16 Feb — 18 May 2019
Gemma Anderson, Serena Korda, Delfina Muñoz de Toro and Abel Rodriguez
The work of Abel Rodriguez, an elder from the Nonuya community in Colombia, reflects an ancestral understanding of the indigenous plants and life cycles of the Amazon. For many years, he guided western scientists through the rainforest and has continued to share his intrinsic knowledge in a language of images, describing the intricately intertwined ecosystem of the rainforest around his people’s village.
Rodriguez’s comprehension of the living landscape has parallels with holistic scientific approaches that offer alternative views to mainstream empiricism. Gäa refers to the personification of the Earth in Greek mythology and was a working title for Alexander von Humboldt’s major work which he later named Kosmos. Following his expedition through Colombia and the rainforests of Latin America, he described the earth as a living organism and all forms of life entangled in a fabric of relations. The works in this exhibition explore the traditional ecological knowledge that survives in indigenous cultures having developed through these people’s situated co-existence with particular places over millennia.
Gemma Anderson’s experimental drawings emerge from collaborations with a cell biologist and a philosopher of science. Her practice has been inspired by Johann Wolfgang Goethe, a contemporary of Humboldt, whose phenomenological approach to natural philosophy proposed the practice of science as an art. A series of sound sculptures by Serena Korda draws on wisdom from a European worldview that had not yet been shaped by the scientific revolution and Delfina Muñoz de Toro’s visionary paintings and medicine songs are informed by her experiences living and working within ancestral cultures of the Amazon.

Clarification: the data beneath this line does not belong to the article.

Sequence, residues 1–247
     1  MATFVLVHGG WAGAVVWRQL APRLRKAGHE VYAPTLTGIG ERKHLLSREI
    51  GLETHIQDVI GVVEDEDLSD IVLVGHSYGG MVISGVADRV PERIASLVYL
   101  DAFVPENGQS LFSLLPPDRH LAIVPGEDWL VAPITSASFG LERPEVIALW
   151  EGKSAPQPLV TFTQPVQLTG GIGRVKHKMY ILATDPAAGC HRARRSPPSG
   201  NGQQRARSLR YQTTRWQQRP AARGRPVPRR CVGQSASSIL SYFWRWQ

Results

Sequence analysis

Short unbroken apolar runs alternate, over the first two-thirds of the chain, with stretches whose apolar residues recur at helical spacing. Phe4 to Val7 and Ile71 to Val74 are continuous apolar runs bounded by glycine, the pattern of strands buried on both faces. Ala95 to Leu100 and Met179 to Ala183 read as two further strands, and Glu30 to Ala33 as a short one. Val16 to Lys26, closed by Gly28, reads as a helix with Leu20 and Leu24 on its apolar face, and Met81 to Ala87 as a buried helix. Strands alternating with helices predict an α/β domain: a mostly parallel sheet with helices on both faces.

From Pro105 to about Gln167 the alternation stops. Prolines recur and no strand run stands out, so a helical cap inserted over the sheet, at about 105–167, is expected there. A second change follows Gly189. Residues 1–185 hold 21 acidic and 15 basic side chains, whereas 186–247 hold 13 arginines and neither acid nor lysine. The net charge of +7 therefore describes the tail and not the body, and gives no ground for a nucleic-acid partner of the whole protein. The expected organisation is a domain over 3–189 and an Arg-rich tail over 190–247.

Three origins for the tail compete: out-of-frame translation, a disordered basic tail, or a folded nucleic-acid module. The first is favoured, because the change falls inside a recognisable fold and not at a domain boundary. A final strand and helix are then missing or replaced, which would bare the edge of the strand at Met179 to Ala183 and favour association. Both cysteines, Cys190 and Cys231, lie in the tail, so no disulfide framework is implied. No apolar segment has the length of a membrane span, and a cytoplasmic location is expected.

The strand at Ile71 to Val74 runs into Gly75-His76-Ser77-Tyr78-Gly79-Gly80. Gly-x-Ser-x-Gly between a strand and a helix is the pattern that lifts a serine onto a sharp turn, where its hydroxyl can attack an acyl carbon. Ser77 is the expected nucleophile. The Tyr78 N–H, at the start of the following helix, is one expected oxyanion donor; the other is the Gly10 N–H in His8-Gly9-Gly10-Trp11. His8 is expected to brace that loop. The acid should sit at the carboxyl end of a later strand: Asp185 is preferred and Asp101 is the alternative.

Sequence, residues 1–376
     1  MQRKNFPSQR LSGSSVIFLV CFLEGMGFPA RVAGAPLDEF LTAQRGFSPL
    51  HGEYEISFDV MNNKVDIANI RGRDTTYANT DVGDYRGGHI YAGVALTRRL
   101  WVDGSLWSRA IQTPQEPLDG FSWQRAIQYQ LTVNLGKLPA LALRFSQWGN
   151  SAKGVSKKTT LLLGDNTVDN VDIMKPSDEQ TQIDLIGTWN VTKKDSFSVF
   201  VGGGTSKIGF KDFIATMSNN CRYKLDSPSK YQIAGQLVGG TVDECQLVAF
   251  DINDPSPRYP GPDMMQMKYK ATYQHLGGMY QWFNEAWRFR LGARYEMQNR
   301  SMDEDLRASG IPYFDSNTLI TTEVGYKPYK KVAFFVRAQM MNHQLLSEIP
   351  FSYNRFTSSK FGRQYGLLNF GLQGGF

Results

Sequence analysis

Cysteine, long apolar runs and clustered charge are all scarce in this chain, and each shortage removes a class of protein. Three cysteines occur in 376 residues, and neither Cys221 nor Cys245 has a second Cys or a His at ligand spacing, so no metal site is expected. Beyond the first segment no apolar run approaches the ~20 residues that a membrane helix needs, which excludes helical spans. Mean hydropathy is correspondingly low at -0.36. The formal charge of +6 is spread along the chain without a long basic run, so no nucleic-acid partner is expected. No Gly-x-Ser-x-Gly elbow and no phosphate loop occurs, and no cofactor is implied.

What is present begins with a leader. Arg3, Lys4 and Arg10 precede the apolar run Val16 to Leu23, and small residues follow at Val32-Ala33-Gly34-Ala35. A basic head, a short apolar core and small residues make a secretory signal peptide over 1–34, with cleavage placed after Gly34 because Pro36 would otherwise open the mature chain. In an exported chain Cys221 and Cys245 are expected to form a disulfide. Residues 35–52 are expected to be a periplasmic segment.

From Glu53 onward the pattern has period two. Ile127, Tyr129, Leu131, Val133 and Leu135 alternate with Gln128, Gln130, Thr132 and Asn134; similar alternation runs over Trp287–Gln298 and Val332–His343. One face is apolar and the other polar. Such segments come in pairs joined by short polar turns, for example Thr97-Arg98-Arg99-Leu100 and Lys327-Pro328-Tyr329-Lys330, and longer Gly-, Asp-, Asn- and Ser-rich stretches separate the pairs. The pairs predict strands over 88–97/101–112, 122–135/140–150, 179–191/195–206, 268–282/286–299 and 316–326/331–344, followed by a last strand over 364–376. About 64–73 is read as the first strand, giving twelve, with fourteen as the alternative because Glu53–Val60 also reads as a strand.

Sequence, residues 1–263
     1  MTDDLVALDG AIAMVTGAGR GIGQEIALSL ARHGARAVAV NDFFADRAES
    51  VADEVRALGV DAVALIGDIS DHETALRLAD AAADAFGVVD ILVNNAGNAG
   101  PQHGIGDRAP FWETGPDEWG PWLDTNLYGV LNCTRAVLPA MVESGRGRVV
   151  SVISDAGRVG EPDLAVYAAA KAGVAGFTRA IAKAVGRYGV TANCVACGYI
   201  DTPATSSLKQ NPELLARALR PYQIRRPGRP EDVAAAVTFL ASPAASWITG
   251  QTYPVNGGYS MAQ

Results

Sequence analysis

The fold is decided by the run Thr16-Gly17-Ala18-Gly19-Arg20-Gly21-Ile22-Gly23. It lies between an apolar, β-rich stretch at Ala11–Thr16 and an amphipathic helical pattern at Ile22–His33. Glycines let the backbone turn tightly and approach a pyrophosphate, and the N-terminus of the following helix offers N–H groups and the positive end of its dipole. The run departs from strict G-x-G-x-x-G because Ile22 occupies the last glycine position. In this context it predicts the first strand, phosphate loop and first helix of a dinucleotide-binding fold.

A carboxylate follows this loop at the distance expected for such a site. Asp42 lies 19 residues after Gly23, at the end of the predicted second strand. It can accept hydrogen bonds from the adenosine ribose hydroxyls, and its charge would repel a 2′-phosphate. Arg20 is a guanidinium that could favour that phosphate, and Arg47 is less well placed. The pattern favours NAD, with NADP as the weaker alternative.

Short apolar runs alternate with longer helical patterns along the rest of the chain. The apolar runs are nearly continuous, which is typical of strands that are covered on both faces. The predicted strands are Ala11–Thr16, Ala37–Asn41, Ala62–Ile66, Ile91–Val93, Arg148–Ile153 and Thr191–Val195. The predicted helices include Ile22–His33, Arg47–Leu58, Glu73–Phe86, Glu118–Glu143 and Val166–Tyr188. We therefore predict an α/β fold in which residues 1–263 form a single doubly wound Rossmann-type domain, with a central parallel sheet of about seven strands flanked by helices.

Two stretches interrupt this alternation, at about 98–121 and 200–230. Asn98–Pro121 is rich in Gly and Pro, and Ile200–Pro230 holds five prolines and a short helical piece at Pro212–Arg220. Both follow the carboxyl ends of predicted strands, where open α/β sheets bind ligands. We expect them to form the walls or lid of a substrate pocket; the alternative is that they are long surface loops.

The exhibition, curated by Gina Buenfeld, includes ethnographic textiles from the Shipibo and Huni Kuin peoples, both indigenous to the Amazon rainforest. The embroidered and woven patterns are sacred geometries that represent the energetic form of natural entities in the jungle.
The research and development of this exhibition was supported by the Arts Council England and the British Council. We would like to thank José Roca at FLORA ars+natura and Tropenbos International for their collaboration on this project, without which it would not have been possible to exhibit Abel Rodriguez’s work. The textiles of the Shipibo and Huni Kuin peoples are exhibited with the consent of the leaders and artisans of their communities and we would like to express our gratitude and appreciation for sharing their cultures with us.